In a heavy album of their China trip, there is a photo that Bonker likes the most: a child asleep on the shoulder of an adult, a scene they captured on a street. His wife wrote a caption under it: "China is truly a sleeping giant awakening."
Bonker says, "My wife really had the vision to predict China's future."
The couple experienced one "awakening" of China firsthand.
While taking a stroll in Shanghai, the delegation was approached by a young man, who invited the group to his parents' small apartment for dinner. A few years later, as China was opening up to the world, the same young man came to the American University in Washington to study and was welcomed as a regular guest at the Bonkers' apartment on many occasions.
"We treated him like our family. He was very committed to his education here," says Bonker.
In 2018, Bonker returned to Shanghai as a member of a delegation organized by the US Association of Former Members of Congress. That same young man, David Jin, former CEO of Philips Healthcare China and now chairman and president of Harman International, hosted the group in one of the most prestigious business clubs in Shanghai, a city that had completely transformed from the one Bonker had visited 38 years earlier.
Another former US congressman, Tim Roemer of Indiana, was also in the delegation.
"He murmured to me, 'Don, I feel like I am in New York'," recalls Bonker.
After leaving Congress in 1989, Bonker founded the nonprofit International Management and Development Institute, promoting collaborations between the US and European nations. He also served as an executive for APCO Worldwide, a public relations firm that has established itself in China, serving top Chinese companies and helping the Bonkers visit China from time to time.
"What's amazing is the growth of private sector companies, many now leaders in the global economy. Even SOEs adhere to market economies and are often more accountable to banks than to ministries. China still embraces communism, but it has entrepreneurial talent that is unmatched in the 21st century," says Bonker.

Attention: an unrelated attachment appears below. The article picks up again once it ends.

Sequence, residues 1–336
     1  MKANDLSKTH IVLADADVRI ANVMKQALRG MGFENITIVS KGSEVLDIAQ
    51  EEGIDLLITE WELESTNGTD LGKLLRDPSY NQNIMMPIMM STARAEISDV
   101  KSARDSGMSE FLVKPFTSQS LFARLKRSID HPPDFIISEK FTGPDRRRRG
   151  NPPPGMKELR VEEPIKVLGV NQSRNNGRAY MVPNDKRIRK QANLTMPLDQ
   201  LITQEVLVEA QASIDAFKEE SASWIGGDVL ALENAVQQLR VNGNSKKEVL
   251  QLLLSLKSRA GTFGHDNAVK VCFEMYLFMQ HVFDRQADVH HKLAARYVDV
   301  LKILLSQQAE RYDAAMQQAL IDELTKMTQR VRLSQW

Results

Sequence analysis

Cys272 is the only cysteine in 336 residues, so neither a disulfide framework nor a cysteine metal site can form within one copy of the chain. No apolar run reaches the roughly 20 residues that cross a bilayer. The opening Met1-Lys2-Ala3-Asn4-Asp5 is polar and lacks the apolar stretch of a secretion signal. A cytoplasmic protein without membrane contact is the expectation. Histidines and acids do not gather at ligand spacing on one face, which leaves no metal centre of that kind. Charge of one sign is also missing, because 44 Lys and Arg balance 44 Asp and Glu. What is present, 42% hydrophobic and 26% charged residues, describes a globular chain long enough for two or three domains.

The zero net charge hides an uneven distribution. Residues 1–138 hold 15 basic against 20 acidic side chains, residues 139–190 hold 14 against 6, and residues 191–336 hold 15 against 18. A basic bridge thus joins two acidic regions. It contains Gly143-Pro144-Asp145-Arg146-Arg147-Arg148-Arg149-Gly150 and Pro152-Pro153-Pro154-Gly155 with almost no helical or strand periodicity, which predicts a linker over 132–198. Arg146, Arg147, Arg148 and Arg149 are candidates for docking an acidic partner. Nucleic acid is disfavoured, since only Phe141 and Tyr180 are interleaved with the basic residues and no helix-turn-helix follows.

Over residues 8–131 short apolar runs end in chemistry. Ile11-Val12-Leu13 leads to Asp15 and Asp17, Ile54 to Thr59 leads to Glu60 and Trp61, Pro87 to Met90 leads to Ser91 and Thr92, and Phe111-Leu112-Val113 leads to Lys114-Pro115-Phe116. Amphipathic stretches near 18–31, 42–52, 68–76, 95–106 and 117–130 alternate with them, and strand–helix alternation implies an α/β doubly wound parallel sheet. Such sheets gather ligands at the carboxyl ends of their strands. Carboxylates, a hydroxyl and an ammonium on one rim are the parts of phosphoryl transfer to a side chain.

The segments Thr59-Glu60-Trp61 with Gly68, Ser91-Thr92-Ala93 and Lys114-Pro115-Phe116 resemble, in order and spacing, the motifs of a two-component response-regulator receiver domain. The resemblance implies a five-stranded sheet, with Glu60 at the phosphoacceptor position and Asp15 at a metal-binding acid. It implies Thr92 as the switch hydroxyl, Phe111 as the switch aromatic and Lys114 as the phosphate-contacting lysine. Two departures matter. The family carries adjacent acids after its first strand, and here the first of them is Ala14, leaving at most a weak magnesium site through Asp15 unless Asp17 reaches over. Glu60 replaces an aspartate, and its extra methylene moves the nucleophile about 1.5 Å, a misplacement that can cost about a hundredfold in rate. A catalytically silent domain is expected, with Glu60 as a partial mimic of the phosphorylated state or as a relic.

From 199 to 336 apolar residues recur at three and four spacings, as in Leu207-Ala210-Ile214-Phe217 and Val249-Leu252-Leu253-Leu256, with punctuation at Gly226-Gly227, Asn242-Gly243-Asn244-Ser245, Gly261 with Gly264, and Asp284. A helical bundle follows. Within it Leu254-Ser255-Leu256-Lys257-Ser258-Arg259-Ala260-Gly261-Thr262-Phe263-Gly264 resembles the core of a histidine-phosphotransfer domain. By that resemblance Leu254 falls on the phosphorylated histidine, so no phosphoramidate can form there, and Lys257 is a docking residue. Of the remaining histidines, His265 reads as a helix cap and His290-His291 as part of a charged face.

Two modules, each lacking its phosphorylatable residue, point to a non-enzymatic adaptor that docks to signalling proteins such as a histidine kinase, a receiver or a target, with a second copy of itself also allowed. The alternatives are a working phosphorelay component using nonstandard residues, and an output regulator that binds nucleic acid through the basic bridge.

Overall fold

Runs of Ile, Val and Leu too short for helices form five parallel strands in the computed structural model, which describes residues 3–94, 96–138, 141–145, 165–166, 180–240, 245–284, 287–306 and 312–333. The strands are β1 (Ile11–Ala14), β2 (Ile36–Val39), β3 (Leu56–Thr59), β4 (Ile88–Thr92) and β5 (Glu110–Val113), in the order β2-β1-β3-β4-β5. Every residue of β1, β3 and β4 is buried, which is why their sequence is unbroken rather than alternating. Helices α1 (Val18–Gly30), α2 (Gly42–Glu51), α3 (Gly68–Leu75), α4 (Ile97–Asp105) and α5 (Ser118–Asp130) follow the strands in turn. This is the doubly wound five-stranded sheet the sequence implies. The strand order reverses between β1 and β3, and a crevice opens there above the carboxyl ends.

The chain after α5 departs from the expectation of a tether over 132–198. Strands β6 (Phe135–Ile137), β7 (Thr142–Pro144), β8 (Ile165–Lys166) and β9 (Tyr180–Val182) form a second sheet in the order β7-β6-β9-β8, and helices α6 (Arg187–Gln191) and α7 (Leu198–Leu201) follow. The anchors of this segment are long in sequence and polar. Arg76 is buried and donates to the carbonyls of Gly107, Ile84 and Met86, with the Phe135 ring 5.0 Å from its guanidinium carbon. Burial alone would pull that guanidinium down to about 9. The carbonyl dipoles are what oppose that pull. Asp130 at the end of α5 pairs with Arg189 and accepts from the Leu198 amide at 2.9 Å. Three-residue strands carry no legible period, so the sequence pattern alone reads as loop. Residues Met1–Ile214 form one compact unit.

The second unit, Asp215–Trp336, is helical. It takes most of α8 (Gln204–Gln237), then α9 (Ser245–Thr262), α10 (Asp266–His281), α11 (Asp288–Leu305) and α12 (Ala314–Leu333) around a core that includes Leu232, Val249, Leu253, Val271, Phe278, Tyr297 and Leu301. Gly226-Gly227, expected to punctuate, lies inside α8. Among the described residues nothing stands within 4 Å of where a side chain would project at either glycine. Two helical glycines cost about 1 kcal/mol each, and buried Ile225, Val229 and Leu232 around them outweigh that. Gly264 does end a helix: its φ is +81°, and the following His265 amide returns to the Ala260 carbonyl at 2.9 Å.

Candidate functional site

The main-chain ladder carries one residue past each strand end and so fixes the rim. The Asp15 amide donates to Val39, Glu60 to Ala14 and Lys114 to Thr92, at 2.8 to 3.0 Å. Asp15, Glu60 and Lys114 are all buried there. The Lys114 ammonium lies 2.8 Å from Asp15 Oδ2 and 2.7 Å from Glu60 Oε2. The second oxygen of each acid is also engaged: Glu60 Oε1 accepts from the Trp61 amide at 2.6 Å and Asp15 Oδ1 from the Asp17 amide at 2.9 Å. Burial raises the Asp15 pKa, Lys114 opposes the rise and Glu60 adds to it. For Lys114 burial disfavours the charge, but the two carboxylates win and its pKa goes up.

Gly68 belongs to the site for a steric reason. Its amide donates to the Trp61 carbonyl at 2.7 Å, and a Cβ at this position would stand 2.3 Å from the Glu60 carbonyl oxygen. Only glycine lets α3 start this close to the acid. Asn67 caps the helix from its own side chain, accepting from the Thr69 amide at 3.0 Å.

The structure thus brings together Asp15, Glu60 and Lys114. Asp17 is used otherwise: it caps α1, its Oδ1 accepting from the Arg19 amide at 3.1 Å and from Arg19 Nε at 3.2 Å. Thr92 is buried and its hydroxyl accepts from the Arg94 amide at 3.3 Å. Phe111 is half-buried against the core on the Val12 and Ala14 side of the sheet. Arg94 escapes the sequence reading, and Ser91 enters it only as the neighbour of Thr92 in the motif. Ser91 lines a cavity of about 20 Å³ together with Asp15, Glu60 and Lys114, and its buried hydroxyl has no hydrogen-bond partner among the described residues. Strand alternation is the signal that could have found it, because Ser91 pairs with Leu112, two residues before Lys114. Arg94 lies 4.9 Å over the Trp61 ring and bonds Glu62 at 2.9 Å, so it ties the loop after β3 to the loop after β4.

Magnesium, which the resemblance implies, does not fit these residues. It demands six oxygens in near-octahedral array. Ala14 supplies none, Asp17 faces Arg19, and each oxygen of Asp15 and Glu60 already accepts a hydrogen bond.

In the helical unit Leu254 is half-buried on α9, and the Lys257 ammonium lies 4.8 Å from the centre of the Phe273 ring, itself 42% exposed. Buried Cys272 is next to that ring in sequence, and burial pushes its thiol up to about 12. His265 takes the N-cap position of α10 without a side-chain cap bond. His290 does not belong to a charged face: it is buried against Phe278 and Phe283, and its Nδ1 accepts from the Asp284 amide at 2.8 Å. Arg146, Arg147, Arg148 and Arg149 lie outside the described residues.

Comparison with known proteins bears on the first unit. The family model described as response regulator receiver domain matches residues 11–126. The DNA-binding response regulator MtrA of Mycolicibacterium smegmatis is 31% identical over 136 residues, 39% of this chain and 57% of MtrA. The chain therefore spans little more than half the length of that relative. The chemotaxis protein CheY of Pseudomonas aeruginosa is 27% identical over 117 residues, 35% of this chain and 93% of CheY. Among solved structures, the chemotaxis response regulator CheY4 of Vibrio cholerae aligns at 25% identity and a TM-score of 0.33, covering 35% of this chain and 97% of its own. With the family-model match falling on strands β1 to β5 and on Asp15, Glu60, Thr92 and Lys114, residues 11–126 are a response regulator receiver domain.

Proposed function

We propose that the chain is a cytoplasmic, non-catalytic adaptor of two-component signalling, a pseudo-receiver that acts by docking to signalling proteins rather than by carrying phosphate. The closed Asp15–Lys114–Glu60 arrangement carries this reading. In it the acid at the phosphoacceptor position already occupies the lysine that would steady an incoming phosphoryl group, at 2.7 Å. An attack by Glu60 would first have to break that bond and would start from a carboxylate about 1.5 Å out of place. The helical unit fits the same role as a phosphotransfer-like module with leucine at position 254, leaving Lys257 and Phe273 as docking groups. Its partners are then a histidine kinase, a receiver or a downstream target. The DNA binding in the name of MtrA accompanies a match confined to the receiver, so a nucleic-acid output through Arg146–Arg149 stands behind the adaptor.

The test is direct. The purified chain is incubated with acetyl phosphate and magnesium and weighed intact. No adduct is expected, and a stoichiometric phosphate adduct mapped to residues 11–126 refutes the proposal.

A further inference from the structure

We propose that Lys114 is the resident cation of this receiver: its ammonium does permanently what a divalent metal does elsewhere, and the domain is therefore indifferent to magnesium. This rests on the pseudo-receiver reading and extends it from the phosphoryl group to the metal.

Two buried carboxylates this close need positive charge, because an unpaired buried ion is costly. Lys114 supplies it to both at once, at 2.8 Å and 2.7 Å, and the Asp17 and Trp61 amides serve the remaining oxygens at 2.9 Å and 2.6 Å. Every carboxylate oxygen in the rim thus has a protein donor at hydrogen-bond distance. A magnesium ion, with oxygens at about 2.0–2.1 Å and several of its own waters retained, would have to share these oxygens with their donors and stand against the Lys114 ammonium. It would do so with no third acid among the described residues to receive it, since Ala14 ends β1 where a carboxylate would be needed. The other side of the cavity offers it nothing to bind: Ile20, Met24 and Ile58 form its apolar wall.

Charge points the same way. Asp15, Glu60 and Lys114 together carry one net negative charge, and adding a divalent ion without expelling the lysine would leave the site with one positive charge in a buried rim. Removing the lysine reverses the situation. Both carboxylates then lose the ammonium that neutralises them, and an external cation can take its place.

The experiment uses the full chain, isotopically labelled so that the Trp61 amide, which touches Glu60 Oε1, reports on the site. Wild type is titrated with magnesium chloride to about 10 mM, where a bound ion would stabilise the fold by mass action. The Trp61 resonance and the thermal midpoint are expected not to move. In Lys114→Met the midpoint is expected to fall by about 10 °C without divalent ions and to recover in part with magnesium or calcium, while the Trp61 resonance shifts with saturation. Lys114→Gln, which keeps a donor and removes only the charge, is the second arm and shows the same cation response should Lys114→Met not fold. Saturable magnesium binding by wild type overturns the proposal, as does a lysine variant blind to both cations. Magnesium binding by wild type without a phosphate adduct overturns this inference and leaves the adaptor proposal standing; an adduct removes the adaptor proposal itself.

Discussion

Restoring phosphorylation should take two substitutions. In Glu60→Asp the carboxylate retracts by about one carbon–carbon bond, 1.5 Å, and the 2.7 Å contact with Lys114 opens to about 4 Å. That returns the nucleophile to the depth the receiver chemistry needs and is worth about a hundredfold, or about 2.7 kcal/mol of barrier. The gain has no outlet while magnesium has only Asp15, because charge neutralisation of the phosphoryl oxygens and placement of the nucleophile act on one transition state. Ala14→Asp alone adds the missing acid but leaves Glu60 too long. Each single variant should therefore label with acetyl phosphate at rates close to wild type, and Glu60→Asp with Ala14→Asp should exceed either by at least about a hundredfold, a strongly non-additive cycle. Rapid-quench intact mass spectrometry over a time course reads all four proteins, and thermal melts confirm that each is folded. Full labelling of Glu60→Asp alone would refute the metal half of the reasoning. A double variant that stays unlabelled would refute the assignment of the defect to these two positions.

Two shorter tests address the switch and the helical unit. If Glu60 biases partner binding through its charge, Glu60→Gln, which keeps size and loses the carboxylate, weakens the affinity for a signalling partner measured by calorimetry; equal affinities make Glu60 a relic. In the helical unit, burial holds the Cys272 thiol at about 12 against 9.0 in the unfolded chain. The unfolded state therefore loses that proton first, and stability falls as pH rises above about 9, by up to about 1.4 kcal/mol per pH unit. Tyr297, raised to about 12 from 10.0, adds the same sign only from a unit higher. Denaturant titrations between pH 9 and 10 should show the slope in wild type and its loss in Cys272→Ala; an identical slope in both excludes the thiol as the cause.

While in Congress, he also served on the President's Export Council, authoring significant trade legislation. He has published a book titled America's Trade Crisis.
Trade, Bonker says, is his subject and he's been paying particularly close attention to the current trade dispute and negotiations going on between China and the US.
"The US should focus on increasing its exports to China instead of trying to suppress imports from there," Bonker says. "Exports to China have generated numerous jobs in the US and raised the living standard of Americans. Now exports are being hurt significantly by tariffs, which hurt jobs."
He continues: "Both countries have strong, charismatic leaders, but it is China that is patient and has the long view. The bottom line is China is surpassing the US as the global leader, and for many US government and policy leaders, it is disturbing."
READ MORE: Deals help unfold Shanghai saga
Bonker is working on a new memoir, Dancing to the Capitol, which he hopes will come out in a few months.
"I know the Chinese like the hugely popular TV soap opera House of Cards. My book does not offer that kind of excitement, but it does have a lot of entertaining anecdotes about how the US Congress works," says Bonker.
Contact the writer at email@example.com
HONG KONG NEWS